Safflower is an important rotational crop for control of Lygus bugs

IR-4 Project realized the importance of registering flonicamid for use on safflower to control lygus bugs to prevent damage to other major high value crops.

Author – David Kuack

Photo by Jack Dykinga, USDA-ARS

When Beau Howard, a safflower grower and agronomist in California, submitted the project clearance request through IR-4 Project for flonicamid to control lygus bugs (Lygus hersperus) on safflower, he knew safflower was the key to controlling this pest.
“Safflower is the lynch pin of an area wide integrated pest management (IPM) program that encompasses so many facets of farming and pest management,” Howard said. “It has been my goal over the last 10 years to try to get people to understand this. Managing lygus bugs on safflower is part of an overall systems approach of IPM to not only control one pest in one crop, but to control the same pest in other more valuable crops. The cultural practice of growing safflower in rotation with other crops allows for the effective management of soil disease, salinity, air quality and nutrient management. This then allows for a dramatic improvement of soil health and overall sustainability.
“Lygus bugs are not a problem per se on safflower, but safflower is the host crop for the bugs. Lygus bugs proliferate on safflower and then migrate to other more susceptible crops, including Pima cotton and processing tomatoes. Safflower can be used as a trap crop for lygus bugs. If the bugs are controlled on safflower, then they are eliminated from infesting other crops which reduces the number of pesticide applications for those other crops.”
Howard said the difficulty with lygus bugs is that they are highly mobile. They move around quickly and cover long distances relatively rapidly.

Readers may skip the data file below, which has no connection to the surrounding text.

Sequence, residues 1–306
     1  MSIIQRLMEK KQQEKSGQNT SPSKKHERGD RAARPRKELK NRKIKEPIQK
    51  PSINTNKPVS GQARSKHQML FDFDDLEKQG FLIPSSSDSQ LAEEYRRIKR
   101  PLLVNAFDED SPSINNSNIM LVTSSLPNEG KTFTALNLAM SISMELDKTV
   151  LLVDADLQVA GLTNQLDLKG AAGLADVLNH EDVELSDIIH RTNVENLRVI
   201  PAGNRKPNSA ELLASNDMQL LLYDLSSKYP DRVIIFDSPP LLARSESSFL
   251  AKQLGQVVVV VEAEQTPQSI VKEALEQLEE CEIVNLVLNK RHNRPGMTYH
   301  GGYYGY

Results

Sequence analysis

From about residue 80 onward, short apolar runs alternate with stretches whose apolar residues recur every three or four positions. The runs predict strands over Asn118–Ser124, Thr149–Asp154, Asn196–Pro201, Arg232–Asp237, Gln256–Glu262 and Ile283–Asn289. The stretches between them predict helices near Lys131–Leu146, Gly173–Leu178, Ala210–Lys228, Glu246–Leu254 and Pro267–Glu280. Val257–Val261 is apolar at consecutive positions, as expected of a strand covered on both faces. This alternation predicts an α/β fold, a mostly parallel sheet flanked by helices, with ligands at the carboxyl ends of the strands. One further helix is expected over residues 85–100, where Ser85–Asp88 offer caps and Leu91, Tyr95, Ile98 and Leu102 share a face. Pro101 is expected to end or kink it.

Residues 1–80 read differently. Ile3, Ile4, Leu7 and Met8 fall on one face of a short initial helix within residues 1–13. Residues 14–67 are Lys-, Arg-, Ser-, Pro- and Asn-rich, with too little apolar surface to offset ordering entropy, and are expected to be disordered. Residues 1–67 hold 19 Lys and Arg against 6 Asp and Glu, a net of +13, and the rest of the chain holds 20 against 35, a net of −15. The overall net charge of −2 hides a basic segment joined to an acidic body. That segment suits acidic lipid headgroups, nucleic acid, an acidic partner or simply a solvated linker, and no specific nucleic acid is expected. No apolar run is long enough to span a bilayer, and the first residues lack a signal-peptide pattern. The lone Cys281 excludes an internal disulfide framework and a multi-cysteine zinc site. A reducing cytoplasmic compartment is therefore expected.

Lygus bugs proliferate on safflower and then migrate to other more susceptible crops, including
Pima cotton and processing tomatoes. Photo by Shea DeVaney, J.G. Boswell Co

“If there are multiple generations of lygus bugs in a safflower crop and they are allowed to persist and migrate out of that crop, it is very difficult to manage the pest in the overall system,” he said. “Where cotton and tomatoes are intermixed among safflower fields, there is a major concern about the migration issue. That is why growers are working to obtain additional insecticide registrations and that is why flonicamid is important to farmers for control of lygus bugs.”

Photo by Rodney Cooper, USDA-ARS

The benefits of safflower
Ken Samoil, research coordinator and study director at IR-4 Project, said the study conducted to obtain the registration for flonicamid on safflower was unusual from studies done by IR-4 on other crops.
“IR-4 usually does residue studies for pesticide use on high value, low acreage crops,” Samoil said. “These would be crops that are of high value to growers, but not to the pesticide manufacturers because of their low acreage. That is why IR-4 gets involved.
“Safflower is not a particularly high value crop, but it is low acreage. It is grown in areas where there are other high value crops. Lygus bugs are a pest on safflower as well as the other crops grown in the area. If a population is allowed to develop in one field, the bugs eventually move to other nearby fields. Even though the damage that lygus bugs cause to safflower may not cost the growers a lot of money, the bugs can cause big losses to other high value crops.”
Safflower is grown as an oil seed crop, but it is worth more in regards to its soil health benefits. “Safflower has a long taproot that opens up channels for salts that are in the soil to leach down below the root zone,” Samoil said. “This allows farmers to plant more profitable crops after the safflower has been harvested.”